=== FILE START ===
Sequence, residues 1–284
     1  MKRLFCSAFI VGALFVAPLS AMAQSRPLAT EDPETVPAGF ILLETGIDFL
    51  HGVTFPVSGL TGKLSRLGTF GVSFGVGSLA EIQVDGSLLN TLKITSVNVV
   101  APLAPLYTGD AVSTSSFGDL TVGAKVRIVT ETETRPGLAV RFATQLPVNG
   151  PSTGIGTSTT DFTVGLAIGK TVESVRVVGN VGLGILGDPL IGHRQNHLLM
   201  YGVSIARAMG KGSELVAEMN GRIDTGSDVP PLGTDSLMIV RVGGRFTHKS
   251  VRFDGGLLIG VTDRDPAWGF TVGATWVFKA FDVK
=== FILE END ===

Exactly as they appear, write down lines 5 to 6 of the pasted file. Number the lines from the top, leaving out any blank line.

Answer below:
   151  PSTGIGTSTT DFTVGLAIGK TVESVRVVGN VGLGILGDPL IGHRQNHLLM
   201  YGVSIARAMG KGSELVAEMN GRIDTGSDVP PLGTDSLMIV RVGGRFTHKS